The limits of electronic, optical and thermal performance of these materials are determined by their atomic-scale dynamics. In order to surpass conventional, bulk properties of materials, an accurate description of excited-state phenomena is essential. Light-matter interactions and electronic excited-state phenomena require high-level electronic structure methods beyond the all-pervasive density-functional theory. Simultaneously, the properties of interest are fundamentally non-equilibrium and require techniques that are reliable beyond small perturbations from equilibrium.
Electron-photon, electron-electron as well as electron-phonon dynamics and far-from-equilibrium transport are critical to describe ultrafast and excited-state optoelectronic interactions in materials. Ab initio descriptions of phonons are essential to capture both excitation and loss (decoherence) mechanisms, and are challenging to incorporate directly in calculations due to a large mismatch in energy scales between electrons and phonons.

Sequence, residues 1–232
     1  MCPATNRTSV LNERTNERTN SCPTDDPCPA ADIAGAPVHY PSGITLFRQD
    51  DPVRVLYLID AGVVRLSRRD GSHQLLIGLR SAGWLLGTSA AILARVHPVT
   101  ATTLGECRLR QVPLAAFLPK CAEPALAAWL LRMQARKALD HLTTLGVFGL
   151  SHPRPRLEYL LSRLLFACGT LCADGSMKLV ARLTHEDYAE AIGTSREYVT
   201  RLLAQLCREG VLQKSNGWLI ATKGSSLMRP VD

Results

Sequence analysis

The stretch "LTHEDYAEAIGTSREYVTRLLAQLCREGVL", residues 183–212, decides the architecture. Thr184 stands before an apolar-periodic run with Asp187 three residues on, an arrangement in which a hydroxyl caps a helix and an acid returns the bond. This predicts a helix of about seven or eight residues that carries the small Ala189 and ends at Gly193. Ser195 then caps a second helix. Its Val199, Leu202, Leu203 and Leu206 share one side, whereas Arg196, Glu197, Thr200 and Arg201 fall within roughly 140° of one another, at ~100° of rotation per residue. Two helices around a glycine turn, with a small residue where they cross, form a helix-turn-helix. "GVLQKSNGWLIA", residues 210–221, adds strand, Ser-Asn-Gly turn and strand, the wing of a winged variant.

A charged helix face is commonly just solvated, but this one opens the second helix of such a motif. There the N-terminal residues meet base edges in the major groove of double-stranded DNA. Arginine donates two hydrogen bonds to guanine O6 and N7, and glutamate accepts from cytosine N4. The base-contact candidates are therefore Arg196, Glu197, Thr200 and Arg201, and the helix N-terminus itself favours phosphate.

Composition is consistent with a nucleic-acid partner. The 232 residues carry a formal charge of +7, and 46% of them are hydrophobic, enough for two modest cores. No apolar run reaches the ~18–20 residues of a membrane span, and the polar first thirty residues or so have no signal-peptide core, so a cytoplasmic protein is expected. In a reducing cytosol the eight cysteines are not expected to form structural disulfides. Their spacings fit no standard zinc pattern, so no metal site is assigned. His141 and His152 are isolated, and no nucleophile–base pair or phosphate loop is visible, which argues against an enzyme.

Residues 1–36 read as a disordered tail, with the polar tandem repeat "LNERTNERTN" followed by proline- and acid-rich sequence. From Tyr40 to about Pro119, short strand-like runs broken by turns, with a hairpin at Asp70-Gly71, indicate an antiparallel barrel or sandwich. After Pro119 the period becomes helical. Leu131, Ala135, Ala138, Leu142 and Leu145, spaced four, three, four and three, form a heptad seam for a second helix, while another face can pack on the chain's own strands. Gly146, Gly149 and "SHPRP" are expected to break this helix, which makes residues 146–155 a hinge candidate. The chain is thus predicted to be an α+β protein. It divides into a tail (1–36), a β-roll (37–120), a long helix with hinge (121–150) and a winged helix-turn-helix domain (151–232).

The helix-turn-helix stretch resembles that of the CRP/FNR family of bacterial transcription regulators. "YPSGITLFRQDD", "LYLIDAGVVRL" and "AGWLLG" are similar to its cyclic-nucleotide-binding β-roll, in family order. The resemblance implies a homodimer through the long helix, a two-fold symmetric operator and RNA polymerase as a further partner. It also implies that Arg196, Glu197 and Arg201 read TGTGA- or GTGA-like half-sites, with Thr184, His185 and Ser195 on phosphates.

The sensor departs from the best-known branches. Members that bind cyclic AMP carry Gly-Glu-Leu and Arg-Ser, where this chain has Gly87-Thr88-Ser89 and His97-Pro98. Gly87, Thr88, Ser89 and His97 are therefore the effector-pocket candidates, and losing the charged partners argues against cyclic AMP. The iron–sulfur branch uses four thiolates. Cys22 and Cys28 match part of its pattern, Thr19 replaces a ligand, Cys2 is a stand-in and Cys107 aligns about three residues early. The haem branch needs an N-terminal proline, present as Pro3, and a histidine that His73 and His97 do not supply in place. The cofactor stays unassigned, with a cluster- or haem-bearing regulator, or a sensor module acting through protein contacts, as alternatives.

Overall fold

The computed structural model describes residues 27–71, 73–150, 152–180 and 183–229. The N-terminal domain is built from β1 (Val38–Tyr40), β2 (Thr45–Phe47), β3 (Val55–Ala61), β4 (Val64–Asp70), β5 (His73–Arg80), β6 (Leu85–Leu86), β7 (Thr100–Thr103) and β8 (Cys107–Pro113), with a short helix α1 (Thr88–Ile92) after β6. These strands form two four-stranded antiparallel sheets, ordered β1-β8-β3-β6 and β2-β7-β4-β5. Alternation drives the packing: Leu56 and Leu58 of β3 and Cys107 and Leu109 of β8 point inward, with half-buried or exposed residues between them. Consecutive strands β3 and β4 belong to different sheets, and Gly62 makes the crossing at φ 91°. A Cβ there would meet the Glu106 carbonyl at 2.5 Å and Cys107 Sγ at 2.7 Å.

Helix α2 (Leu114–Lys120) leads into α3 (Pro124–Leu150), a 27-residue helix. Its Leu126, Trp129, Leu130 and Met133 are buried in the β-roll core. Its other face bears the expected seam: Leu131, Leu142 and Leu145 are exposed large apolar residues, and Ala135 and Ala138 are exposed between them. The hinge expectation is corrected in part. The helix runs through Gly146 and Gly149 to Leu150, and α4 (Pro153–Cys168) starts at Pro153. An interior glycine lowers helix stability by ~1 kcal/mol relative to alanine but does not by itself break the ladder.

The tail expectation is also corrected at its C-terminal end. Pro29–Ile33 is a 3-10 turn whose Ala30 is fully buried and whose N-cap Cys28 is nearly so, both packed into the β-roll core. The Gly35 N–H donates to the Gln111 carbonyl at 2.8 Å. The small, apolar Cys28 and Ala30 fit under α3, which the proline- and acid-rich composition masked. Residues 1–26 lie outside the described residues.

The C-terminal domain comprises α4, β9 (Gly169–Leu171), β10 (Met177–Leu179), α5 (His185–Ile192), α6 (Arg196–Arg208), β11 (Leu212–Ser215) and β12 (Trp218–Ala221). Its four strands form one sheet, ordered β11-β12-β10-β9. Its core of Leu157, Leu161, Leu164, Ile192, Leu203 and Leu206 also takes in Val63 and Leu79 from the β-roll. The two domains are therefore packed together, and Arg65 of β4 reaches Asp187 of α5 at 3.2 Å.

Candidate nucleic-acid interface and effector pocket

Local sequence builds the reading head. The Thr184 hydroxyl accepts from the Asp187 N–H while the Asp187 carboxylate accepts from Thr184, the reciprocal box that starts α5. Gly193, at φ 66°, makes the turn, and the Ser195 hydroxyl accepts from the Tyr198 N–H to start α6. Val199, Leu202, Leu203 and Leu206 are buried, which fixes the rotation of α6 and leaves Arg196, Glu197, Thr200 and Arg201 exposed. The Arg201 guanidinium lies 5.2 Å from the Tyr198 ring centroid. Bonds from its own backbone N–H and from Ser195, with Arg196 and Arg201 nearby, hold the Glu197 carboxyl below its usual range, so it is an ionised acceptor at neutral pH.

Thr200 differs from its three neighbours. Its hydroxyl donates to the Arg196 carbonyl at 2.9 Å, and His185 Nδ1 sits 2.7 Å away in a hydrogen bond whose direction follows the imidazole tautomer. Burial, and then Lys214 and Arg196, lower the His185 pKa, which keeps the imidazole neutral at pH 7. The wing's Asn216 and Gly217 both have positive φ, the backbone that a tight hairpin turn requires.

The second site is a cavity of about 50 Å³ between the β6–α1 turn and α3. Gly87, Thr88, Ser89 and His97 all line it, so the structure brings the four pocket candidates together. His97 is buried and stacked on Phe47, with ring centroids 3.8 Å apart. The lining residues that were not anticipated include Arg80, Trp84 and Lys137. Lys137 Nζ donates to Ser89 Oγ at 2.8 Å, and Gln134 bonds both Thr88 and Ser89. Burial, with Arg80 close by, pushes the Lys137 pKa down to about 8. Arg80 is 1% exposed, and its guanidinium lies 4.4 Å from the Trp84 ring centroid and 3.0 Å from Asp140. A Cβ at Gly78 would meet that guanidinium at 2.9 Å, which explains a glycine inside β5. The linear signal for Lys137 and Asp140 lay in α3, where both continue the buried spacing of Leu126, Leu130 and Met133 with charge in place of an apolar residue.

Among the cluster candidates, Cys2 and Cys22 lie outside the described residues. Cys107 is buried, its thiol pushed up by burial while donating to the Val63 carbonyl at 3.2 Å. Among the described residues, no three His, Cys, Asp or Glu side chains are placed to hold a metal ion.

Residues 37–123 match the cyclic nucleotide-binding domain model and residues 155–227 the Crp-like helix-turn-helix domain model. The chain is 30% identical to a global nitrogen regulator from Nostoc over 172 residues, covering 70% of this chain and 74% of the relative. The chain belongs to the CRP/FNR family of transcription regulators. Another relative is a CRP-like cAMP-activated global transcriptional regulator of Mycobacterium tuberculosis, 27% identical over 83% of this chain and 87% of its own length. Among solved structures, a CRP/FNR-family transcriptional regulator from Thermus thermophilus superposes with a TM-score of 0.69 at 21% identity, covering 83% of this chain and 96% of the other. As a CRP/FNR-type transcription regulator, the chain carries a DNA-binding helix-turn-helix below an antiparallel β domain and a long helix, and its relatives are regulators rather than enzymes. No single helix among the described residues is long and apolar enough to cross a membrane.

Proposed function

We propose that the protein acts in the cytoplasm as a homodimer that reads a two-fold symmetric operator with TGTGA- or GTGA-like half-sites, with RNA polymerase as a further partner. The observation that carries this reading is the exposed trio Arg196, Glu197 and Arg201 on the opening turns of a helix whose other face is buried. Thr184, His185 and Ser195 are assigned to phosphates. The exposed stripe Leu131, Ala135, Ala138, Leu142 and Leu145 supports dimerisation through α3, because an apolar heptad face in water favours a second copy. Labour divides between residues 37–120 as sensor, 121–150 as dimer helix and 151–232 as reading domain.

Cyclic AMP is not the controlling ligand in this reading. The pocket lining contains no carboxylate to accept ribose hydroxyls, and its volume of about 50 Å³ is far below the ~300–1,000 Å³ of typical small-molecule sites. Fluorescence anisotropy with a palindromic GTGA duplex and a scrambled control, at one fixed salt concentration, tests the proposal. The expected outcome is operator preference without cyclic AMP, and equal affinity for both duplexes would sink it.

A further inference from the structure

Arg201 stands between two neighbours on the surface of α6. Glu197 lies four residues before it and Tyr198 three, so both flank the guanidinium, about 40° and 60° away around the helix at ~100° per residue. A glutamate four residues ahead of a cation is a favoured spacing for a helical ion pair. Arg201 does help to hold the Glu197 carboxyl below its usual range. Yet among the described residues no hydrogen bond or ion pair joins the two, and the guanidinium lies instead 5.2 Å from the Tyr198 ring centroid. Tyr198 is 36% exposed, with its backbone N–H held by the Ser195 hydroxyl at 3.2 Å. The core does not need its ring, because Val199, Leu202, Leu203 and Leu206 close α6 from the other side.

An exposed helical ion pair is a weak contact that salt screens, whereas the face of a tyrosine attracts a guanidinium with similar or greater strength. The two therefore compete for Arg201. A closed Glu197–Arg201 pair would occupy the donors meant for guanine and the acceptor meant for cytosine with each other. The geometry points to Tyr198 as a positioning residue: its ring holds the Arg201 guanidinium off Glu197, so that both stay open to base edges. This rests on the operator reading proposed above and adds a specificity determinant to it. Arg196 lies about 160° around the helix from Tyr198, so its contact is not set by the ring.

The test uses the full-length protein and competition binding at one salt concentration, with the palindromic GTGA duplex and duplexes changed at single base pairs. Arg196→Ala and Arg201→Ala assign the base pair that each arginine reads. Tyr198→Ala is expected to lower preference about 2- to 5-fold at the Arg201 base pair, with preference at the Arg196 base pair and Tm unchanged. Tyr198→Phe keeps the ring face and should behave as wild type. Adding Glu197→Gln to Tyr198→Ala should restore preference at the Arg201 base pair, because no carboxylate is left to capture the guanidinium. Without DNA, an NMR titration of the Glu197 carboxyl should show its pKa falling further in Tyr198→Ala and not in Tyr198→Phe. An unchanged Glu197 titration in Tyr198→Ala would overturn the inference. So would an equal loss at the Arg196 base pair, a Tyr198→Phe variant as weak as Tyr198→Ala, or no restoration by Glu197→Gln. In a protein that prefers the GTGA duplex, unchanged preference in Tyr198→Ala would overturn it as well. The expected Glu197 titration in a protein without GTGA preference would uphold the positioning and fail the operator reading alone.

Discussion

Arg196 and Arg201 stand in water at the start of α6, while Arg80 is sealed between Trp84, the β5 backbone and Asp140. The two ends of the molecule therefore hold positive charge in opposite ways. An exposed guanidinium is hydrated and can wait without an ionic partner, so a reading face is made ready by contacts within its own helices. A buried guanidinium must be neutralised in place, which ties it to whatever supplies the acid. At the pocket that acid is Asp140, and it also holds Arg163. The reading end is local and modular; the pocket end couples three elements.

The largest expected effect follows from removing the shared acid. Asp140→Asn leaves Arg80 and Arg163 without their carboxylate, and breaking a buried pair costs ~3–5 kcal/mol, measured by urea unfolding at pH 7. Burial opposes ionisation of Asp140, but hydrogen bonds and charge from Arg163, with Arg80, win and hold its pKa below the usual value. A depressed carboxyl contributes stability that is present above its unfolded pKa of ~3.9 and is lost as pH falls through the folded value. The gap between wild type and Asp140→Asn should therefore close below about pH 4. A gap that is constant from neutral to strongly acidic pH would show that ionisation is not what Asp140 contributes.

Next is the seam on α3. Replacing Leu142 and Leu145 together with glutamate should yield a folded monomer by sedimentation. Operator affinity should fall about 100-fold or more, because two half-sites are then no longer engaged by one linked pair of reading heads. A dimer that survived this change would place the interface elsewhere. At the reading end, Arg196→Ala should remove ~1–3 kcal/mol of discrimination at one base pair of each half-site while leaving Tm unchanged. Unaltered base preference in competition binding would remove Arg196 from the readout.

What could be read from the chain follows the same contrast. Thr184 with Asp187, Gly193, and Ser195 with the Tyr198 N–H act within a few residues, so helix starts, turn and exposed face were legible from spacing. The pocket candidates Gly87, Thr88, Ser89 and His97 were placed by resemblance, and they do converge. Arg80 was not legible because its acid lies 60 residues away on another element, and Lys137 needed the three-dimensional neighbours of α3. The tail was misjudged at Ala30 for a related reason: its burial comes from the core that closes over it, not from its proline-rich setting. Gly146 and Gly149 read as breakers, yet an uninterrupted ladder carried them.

In this talk I will show the first results using a new theory method we have developed to calculate arbitrary electron-phonon and electron-optical interactions in a Feynman diagram many-body framework integrated with a nonequilibrium carrier transport method (NESSE). Further, I will discuss a new formalism at the intersection of cavity quantum-electrodynamics and electronic structure methods, quantum-electrodynamical density functional theory (QEDFT), to treat electrons and photons on the same quantized footing. Finally, I will demonstrate how phonons are formally included in QEDFT to predict new single molecule - cavity optomechanical effects.
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